Why do I keep getting cold sores?

Cold sores can be tiny and painful, and for some, they keep appearing over and over again.

“Many people are infected with this virus but most have no symptoms at all. We spread the cold sore form of this disease through saliva and close personal contact to the saliva of others,” the infectious disease specialist explained.

The appearance of a cold sore can feel slightly embarrassing, especially in social gatherings or work, but Zoutman says the infection is very common.

“They affect your appearance on your lips and face, which may lead to feeling self-conscious. If they recur frequently, they can be very distressing and a reason to seek the help of your doctor.”

“We used to think of HSV-1 as classically the more common, above-the-belt type [that caused cold sores], and HSV-2 was below-the-waist [and causes genital herpes],” Hanna said.

Herpes simplex virus type 1 is transmitted through mouth-to-mouth contact or oral secretions, Hanna said, while HSV-2 causes genital herpes via sexual contact.

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Stages of cold sore development: What to know

Cold sores, also known as herpes labialis, are caused by nongenital herpes simplex virus type 1. People can develop a cold sore on their lips or in their mouth.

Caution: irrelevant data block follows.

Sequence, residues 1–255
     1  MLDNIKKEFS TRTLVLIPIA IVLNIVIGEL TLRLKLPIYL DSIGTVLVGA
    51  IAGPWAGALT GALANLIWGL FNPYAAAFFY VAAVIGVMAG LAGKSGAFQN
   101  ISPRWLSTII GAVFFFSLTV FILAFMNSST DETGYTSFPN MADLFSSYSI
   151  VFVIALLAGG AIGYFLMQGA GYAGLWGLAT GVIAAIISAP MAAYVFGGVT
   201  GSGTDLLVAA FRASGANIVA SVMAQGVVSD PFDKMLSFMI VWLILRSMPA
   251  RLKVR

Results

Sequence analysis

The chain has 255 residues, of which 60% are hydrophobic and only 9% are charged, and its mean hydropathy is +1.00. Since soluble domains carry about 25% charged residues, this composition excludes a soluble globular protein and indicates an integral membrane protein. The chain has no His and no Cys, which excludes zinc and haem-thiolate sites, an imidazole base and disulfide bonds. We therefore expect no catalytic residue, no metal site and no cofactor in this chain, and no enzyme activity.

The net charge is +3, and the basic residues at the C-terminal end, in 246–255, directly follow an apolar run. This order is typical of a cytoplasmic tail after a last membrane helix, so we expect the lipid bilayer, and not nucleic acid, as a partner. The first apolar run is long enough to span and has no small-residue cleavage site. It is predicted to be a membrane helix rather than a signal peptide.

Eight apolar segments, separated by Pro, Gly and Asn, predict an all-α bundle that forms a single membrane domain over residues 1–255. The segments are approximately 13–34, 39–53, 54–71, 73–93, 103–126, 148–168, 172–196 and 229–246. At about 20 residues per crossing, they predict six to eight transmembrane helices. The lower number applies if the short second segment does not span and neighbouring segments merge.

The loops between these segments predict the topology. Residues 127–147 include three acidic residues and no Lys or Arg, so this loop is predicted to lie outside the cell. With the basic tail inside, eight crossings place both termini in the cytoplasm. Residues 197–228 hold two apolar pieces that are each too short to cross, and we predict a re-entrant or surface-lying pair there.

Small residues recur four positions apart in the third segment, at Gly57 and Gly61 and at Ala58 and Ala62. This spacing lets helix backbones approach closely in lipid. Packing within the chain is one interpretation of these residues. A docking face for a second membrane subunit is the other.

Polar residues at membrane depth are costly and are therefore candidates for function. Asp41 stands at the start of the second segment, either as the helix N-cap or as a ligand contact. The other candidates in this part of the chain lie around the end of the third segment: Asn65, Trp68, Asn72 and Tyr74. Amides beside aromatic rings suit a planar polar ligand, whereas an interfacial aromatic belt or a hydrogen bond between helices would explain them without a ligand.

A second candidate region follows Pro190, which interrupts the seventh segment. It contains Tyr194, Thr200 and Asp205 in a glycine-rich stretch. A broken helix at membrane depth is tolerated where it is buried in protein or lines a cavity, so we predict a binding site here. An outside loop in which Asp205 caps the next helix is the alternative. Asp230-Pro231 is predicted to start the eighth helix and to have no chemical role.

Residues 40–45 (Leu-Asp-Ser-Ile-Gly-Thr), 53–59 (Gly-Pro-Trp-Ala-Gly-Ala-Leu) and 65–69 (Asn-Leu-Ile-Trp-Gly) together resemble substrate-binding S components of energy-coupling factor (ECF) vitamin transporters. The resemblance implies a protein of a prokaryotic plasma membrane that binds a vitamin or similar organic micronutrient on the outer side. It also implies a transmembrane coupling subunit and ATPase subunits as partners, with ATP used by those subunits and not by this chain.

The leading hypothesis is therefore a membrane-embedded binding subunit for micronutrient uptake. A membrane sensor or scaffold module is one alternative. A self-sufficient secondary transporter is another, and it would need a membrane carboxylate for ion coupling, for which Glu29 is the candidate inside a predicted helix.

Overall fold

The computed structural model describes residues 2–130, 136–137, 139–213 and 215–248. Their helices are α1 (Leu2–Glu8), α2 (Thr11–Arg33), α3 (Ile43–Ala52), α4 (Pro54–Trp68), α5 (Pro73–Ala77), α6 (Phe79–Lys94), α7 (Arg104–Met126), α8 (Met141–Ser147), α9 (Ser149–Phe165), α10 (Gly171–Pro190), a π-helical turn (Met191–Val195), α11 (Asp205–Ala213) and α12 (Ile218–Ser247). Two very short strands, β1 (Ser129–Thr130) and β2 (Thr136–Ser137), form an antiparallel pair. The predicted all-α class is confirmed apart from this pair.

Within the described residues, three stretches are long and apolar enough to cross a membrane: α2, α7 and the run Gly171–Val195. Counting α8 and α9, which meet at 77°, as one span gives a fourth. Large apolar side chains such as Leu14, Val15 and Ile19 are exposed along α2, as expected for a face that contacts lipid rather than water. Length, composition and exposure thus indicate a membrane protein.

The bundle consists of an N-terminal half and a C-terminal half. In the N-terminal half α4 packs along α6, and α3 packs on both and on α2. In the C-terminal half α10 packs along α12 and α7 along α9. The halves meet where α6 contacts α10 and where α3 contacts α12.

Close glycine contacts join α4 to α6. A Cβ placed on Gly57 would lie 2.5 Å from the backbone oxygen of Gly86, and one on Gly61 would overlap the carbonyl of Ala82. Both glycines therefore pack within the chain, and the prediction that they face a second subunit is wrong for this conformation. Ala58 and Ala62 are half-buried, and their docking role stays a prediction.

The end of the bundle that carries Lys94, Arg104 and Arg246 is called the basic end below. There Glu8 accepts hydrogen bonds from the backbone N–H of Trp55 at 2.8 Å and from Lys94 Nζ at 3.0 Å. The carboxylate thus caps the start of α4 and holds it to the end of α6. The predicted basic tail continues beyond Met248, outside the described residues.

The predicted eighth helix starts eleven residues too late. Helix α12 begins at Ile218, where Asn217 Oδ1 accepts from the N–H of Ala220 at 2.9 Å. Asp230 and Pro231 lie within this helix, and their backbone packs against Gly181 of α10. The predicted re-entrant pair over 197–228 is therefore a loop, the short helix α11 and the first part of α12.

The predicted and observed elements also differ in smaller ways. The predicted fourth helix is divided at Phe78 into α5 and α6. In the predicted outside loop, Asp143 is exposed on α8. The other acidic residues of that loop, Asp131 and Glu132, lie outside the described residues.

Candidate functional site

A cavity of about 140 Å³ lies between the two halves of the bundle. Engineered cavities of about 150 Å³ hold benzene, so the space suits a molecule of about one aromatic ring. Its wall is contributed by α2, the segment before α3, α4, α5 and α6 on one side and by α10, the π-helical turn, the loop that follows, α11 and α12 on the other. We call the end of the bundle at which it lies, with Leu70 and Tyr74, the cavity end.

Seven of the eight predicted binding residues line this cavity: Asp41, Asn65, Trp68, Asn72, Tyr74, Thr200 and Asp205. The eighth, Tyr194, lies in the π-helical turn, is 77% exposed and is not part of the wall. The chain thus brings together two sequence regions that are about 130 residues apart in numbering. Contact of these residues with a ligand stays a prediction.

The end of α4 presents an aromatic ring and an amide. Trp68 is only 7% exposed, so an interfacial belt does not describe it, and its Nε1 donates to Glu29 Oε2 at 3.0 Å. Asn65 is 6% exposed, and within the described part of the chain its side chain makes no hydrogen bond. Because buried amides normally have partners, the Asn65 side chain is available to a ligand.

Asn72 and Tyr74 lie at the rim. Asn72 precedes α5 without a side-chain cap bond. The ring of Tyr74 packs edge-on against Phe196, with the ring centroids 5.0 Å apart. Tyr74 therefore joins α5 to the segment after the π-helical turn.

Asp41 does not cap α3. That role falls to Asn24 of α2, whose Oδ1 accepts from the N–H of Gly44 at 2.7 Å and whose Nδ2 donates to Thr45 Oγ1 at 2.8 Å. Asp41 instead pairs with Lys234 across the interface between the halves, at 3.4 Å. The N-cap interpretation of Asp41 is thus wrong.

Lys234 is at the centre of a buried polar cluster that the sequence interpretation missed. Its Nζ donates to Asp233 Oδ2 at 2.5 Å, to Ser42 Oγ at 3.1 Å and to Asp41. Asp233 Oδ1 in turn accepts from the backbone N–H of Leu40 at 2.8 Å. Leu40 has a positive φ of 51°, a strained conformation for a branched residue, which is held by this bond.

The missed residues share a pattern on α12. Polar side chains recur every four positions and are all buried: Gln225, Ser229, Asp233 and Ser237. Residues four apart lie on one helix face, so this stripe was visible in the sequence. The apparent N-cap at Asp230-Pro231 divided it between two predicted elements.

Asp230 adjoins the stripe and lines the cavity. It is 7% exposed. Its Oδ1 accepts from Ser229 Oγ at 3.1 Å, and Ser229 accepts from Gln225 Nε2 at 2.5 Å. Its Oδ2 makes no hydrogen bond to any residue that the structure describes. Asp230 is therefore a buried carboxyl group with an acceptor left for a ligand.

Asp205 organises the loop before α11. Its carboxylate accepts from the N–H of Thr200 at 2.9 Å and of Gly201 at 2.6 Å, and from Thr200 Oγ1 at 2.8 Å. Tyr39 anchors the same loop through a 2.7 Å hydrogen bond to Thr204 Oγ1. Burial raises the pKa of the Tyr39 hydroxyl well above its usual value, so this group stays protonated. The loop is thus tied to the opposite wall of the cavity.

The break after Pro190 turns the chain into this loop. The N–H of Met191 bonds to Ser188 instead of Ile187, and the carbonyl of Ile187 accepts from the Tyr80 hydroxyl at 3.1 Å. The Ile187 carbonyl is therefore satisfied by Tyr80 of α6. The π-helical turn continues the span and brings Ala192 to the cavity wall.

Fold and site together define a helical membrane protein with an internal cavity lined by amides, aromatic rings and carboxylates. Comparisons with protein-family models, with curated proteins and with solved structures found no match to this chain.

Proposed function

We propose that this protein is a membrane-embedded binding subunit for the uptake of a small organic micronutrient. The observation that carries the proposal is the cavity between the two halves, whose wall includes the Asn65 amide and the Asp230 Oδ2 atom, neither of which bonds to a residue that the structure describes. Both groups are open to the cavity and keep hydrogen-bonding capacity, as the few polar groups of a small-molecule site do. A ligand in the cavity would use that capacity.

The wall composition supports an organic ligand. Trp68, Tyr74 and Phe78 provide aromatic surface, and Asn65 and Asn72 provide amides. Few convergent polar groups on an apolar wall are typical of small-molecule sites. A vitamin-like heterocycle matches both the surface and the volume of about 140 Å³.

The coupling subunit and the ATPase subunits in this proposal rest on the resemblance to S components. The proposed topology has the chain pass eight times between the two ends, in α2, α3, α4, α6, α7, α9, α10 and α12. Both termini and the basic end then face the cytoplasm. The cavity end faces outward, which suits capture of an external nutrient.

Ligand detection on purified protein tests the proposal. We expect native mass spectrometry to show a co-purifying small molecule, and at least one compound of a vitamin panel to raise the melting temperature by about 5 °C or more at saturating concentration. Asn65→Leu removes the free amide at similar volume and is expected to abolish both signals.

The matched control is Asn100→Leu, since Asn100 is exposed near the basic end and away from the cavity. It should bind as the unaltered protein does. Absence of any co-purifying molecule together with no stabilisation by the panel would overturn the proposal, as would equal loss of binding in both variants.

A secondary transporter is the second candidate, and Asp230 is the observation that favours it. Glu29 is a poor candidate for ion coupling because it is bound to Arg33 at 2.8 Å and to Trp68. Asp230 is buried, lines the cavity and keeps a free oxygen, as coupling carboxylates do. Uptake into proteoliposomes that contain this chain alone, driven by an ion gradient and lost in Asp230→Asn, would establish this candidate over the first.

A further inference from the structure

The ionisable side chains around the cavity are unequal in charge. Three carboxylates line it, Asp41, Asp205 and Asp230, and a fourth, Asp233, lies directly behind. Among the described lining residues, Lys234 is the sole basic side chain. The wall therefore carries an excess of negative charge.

Transmission of the nongenital herpes simplex virus type 1 (HSV-1) occurs during childhood through nonsexual contact, but adults can contract the infection through sexual activity. HSV-1 hibernates inside skin cells and neurons under the skin until a trigger stimulates it.

Stages of a cold sore

A cold sore develops in five stages and will typically last between 9 and 12 days.

Stage 1


Initially, people will feel a tingling, itching, or burning sensation underneath the skin around the mouth or base of the nose. Doctors call this the prodrome stage.

Other symptoms that may occur during this stage include:

malaise
fever
tender or swollen lymph nodes
At this first stage of the cold sore, people will not see a blister. People with recurring cold sores may present milder symptoms. Doctors recommend starting treatment as soon as these symptoms begin.

Treatment for cold sores may include oral or topical medications. Sometimes people will use both types to treat a cold sore.

Oral medications for cold sores include:

acyclovir (Zovirax)
famciclovir (Famvir)
valacyclovir (Valtrex)
Topical treatments for cold sores include:

acyclovir (Zovirax) cream
docosanol (Abreva)
penciclovir (Denavir) cream
Treatment aims to shorten the duration of the cold sore. In one study published in Antimicrobial Agents and Chemotherapy, researchers found that high doses and short courses of valacyclovir may reduce the duration of a cold sore by about 1 day.

Taking medication when symptoms first appear can prevent or block the cold sore from appearing.

Stage 2


If the person does not use any medication, a fluid-filled blister will likely develop around 1 to 2 days after the initial symptoms.

Stage 3


The third stage, which occurs around day 4, involves the blister opening up and releasing its fluid. Doctors call this stage the ulcer or weeping stage. If another person comes into contact with the blister’s fluid, they may develop a cold sore as well.

Cold sores are contagious and tend to be painful during this stage.

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